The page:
Herb Feith Memorial Lecture 2018, ‘Protecting Indonesia’s migrant workers’

The 2018 Herb Feith Memorial Lecture is presented in collaboration with

Indonesia Council’s Keynote Lecture

Biennial ASAA conference, University of Sydney

3 July 2018

Anis Hidayah

‘Protecting Indonesia’s Migrant Workers’


In mid-March 2018, another Indonesian migrant worker, Zaini Misrin, was executed in Saudi Arabia. Zaini’s case exposes the reality that Indonesians working abroad remain vulnerable because the framework of protections is still weak. For most Indonesians migrant workers, this work is a choice of last resort. For most women who do so, their migration abroad is a consequence of the feminization of poverty.

The vulnerability of Indonesian migrant workers is the result of a non-protective migration policy. The adoption of Law No. 18/2017 on the Protection of Indonesian Migrant Workers late last year, after a process that began almost seven years earlier, marks an important milestone. It substantially reduces the dominant role of private agents that causes migrant workers to experience debt bondage due to the high costs of migration. This law is expected to improve future protection. Civil society groups, including Migrant CARE have played a significant role in encouraging the protection for migrant workers for several decades. This paper will describe the work of Desbumi (Desa Peduli Buruh Migran) a Migrant CARE program working in cooperation with local government, to facilitate better and easier access to protection for migrant workers.


Anis Hidayah is Head of Research Division Migrant CARE. She is alumnus of the Law Faculty of Jember University and holds a Masters Degree in Law from Gadjah Mada University. She began to advocate for migrant workers in the 1990s upon joining Solidaritas Perempuan Jawa Timur. Together with several activists she helped establish Migrant CARE in 2004. Anis has received several awards, including Human Rights Watch for Extraordinary Activism 2011 and Yap Thian Hien Award 2014.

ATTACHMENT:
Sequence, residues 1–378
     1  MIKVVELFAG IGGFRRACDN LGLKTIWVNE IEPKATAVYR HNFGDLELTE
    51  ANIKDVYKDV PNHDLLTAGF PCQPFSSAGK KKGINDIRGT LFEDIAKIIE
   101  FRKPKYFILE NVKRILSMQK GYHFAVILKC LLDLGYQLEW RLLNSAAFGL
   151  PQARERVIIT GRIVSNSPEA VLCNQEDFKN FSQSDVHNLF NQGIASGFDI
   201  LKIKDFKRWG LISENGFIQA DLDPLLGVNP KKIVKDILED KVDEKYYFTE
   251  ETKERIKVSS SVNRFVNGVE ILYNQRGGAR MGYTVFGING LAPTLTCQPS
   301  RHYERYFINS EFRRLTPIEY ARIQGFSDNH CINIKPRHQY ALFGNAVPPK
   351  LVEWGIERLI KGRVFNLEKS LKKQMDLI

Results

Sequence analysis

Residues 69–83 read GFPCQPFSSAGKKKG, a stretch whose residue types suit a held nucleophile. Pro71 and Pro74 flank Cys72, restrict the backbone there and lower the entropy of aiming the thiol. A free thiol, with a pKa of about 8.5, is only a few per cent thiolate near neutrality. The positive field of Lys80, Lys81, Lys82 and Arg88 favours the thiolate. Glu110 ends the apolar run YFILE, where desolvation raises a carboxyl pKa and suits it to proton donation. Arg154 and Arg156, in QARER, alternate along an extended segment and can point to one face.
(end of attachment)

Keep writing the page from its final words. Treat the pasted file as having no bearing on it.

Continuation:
Dialita Concert ‘Lagu untuk Anakku: Songs of Survivors’: Video

Herb Feith Foundation was proud to sponsor

Dialita Choir
‘Lagu Untuk Anakku: Songs of Survivors’
Taman Ismail Marzuki, Jakarta
13 December 2017

You can watch the concert in full here



Kopernik X Navicula: Seminar and Concert, University of Melbourne, 28 November


Seminar: Leila Chudori in conversation with Intan Paramaditha, 9 November 2017

‘Sea of Memories’
Leila Chudori in conversation with Intan Paramaditha
Indonesia Forum, University of Melbourne
9 November 2017, 6pm


Herb Feith Professor, Ariel Heryanto Lecture: Historiografi Indonesia Rasis

Professor Ariel Heryanto delivered this lecture at Universitas Indonesia, in July 2017. The English language version of the lecture will be published in 2018.




Film screening: Solo, Solitude, ACMI, 10 October 2017

Herb Feith Foundation in collaboration with Monash Anthropology is proud to present

Solo, Solitude (Istirahatlah Kata-Kata)
ACMI, Federation Square
10 October, 6pm
Followed by Q&A with the film’s director Yosep Anggi Noen and Wayhu Susilo



Memorial Lecture 2017, 18 October, 6pm: ‘Normalising Chinese Indonesians’, Ass. Prof. Charles Coppel

You are invited to attend the 2017 Herb Feith Memorial Lecture

‘Normalising Chinese Indonesians’

Associate Professor, Charles Coppel, University of Melbourne

18 October 2017

6pm for
6.30 – 8.30pm

RSVP essential as light supper served

Download Memorial Lecture flyer

Indonesia has a very large population comprising hundreds of ethnic groups. The ethnic Chinese are one of the largest, but their numbers are much smaller than is commonly believed. Historically, they have been treated differently from other ethnic groups, especially during the three decades of President Suharto’s New Order regime. Since 1998 formal discrimination against them has been repealed. Have the Chinese been ‘normalised’? What does the experience of Ahok in the recent Jakarta gubernatorial election say about this?

Charles Coppel is an Honorary Principal Fellow in the School of Historical and Philosophical Studies at The University of Melbourne. He has been researching the ethnic Chinese in Indonesia for more than half a century. His publications include Indonesian Chinese in Crisis (1983), Studying Ethnic Chinese in Indonesia (2002), and the edited volume Violent Conflicts in Indonesia (2006). His contribution to the field was recognised in the festschrift edited by Tim Lindsey and Helen Pausacker, Chinese Indonesians: Remembering, Distorting, Forgetting (2005) and his contribution to Indonesian nation-building by a NABIL Foundation Award (2009).